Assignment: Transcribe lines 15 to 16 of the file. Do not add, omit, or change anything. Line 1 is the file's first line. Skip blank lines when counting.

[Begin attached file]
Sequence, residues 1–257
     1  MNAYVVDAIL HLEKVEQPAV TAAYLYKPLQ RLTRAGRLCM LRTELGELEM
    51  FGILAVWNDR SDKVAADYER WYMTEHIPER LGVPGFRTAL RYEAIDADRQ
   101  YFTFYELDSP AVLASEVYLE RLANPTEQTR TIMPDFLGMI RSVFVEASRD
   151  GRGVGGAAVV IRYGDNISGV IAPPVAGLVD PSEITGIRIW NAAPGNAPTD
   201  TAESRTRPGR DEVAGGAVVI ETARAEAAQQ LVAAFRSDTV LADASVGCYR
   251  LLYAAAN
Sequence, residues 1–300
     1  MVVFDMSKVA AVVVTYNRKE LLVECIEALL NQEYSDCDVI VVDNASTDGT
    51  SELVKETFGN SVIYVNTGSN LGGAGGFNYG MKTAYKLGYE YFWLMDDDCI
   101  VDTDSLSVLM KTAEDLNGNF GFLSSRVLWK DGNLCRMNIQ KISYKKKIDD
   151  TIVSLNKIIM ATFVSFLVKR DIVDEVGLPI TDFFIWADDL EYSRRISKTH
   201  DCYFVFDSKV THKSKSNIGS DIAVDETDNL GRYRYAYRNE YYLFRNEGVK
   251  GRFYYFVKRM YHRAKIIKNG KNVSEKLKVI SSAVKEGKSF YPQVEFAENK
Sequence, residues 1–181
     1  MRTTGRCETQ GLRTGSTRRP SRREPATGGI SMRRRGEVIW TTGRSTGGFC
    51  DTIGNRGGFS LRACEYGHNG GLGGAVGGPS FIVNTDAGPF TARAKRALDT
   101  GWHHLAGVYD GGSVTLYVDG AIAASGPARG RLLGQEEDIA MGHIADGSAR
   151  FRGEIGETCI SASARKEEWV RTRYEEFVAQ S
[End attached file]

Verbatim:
Sequence, residues 1–181
     1  MRTTGRCETQ GLRTGSTRRP SRREPATGGI SMRRRGEVIW TTGRSTGGFC